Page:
SCIENTIFIC NAME: Amazilia Cyanocephala
Both sexes look alike and often look rather dull overall. They have whitish throat and breast offset by a dusky vest, dusky brownish rump and tail and the crown and sides of the head are blue with a white spot behind the eye.
BILL: black straight, with red mandible and dark tip.
SIZE: measures about 4 - 4.3 inches in length.
WEIGHT: male 5·8 grams, female 5·2 grams.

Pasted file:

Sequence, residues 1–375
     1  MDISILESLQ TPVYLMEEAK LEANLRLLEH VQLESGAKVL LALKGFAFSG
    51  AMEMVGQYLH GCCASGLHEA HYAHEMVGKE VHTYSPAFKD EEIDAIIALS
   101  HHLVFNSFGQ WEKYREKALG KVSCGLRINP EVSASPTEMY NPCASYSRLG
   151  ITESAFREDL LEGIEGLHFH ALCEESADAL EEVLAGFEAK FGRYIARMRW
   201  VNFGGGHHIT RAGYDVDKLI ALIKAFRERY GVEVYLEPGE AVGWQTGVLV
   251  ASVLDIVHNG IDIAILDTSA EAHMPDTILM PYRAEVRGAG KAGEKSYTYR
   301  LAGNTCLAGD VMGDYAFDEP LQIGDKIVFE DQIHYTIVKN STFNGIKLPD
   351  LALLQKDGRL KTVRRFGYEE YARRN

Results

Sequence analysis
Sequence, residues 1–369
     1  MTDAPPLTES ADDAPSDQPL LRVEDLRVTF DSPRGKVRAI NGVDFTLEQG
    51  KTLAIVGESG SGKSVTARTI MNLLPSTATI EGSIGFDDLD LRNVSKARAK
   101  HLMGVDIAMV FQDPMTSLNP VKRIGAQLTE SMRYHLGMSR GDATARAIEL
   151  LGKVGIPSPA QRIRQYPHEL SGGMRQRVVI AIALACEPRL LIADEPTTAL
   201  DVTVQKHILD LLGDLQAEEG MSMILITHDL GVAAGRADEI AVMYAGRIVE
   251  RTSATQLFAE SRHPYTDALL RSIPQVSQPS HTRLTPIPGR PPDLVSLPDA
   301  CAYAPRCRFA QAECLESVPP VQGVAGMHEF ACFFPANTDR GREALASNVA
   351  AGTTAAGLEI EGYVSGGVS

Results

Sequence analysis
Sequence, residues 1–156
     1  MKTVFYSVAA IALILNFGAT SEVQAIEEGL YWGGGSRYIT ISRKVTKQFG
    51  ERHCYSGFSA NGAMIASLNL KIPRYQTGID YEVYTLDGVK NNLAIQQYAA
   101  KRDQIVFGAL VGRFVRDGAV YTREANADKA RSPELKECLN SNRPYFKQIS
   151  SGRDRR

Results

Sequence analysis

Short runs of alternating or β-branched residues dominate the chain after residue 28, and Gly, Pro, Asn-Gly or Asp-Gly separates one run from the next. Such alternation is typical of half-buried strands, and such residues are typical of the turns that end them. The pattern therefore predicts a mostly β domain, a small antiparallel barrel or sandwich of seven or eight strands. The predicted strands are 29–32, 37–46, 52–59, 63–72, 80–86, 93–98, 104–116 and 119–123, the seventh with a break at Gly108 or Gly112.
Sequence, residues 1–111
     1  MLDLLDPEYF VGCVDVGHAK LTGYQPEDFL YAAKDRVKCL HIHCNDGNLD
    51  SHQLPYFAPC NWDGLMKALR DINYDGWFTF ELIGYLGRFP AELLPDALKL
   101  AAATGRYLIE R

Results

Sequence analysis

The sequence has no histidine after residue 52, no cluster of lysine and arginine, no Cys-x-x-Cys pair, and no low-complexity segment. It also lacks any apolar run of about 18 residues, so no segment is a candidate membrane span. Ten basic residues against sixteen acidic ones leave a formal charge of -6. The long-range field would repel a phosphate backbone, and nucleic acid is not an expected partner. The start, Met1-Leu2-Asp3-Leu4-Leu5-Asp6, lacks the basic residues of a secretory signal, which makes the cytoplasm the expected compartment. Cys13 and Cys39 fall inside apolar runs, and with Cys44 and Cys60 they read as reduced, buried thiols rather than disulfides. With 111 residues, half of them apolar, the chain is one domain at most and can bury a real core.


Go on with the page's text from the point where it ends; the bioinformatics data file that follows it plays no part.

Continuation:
COLOR: blue, bronze-green, bluish emerald green, turquoise green, white, gray, red, dark brown, and black.
Subtropical or tropical moist montane forest.
NECTAR from a variety of brightly colored, scented small flowers of trees, herbs, shrubs, and epiphytes.
INSECTS small arthropods.
NEST: cup-shaped nest out of plant fibers woven together and green moss on the outside for camouflage in a protected location in a shrub, bush or tree.
EGGS: 2 white eggs.
Belize, Costa Rica, Guatemala, Honduras, Mexico and Nicaragua.
Hovering, around clusters of pine needles and before bark crevices, where they may have been searching for arthropods, as well as visiting flowers.